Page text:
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Wildcat buys fire truck
Volunteers raise $38K in fundraiser
1 Wildcat Fundraising pic1
Station leader John Tarantini is one of 14 volunteer personnel at Fire Station 8 that services the Wildcat community in western Dawson County. - photo by Michele Hester Dawson Community News

Volunteers have raised more than $38,000 over the past year for a replacement fire engine at Station 8 in western Dawson County.

The donation will be combined with $3,500 from the government of neighboring Pickens County and about $5,700 from Dawson County to buy a used engine.

John Tarantini, leader of the station on Monument Road in the Wildcat community, said the vehicle will be better suited for the mountainous terrain, with automatic transmission and air brakes. It will also improve safety for personnel.

"We've had a couple of emergency situations up here that led to emergency workers realizing they couldn't get around up here as easy as they might have thought they could," he said.

Billy Thurmond, director of Dawson County Emergency Services, commended the group of volunteers and homeowners who took the initiative to improve fire service in the area.

"It's a community that when they come up with an idea to improve it, they take control and decide to help," he said. "They've been great partners with emergency services with improving their fire protection.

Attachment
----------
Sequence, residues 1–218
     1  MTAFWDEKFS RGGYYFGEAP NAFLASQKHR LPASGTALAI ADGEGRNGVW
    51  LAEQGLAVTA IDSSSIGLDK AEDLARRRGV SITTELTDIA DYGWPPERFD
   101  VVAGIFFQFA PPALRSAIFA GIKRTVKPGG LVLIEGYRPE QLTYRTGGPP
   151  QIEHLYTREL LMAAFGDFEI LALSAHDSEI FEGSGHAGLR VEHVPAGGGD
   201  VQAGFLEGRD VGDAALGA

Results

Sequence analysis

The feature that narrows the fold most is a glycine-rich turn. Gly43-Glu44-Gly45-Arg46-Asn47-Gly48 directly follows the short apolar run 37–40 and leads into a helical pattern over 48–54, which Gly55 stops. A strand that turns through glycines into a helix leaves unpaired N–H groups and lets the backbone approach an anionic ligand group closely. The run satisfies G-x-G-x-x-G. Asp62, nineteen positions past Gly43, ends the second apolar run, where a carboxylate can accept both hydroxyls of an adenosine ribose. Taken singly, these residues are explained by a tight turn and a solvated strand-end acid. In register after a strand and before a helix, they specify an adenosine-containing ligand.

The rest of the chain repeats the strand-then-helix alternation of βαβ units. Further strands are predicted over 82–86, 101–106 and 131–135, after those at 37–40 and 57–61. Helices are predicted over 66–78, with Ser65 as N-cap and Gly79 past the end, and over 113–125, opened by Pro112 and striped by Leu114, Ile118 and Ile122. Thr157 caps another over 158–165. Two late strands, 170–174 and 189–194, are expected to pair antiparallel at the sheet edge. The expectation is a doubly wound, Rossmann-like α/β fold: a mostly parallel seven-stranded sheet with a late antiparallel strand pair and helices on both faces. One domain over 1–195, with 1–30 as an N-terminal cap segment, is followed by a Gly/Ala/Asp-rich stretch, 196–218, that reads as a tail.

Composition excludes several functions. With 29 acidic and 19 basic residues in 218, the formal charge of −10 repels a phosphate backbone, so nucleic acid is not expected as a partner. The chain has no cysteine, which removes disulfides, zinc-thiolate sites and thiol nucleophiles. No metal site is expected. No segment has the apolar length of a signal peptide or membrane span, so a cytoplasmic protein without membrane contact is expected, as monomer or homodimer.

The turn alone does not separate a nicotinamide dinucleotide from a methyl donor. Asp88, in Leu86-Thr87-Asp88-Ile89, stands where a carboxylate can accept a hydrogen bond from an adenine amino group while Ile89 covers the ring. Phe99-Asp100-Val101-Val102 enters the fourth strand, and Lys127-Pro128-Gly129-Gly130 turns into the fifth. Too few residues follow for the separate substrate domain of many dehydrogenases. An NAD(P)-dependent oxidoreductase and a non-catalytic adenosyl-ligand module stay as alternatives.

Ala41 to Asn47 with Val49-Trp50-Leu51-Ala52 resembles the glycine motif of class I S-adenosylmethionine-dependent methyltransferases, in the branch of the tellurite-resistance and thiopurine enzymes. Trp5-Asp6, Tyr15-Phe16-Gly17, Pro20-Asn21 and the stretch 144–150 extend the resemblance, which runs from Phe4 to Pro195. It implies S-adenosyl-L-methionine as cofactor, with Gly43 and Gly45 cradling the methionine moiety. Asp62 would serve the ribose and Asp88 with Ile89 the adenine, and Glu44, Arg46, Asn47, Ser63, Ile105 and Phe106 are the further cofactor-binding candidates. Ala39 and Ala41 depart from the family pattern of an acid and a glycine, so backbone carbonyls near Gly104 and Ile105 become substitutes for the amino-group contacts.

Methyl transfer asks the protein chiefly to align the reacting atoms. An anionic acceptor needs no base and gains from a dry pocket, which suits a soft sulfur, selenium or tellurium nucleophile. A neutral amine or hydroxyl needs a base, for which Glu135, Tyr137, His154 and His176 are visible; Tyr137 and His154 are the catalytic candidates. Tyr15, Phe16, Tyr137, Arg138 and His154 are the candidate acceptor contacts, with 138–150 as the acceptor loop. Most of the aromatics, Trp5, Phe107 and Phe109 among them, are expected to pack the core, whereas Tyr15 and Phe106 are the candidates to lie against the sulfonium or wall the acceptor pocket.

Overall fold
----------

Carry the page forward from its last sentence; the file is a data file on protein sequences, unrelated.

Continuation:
"We're very pleased with the efforts they've put into it. You really couldn't ask for a better group of people that's willing to make their community better."

John Edwards is one of the original 14 volunteers that banded together a few years back to bring the fire station to the area.

He and others also helped promote the need for a replacement engine by sending out letters and spreading the word.

"I think there are 700 property owners in the Wildcat community," he said. "We're a big community up here and people really didn't know that. That helped make the case for this fire station.

"We wrote out a letter to the property owners and gave a case about why they needed it too. That it wasn't just something someone else wanted, it was something that every property owner needed."

Emergency Services Chief Lanier Swafford called the Wildcat community's dedication and passion toward fire protection a leading example of community stewardship.

"These folks are a great example of a grassroots effort," he said.

According to Swafford, the community's work has evolved from local awareness and obtaining Fire Wise recognition to assisting with design and funding for a fire station and undergoing the necessary training to support it.

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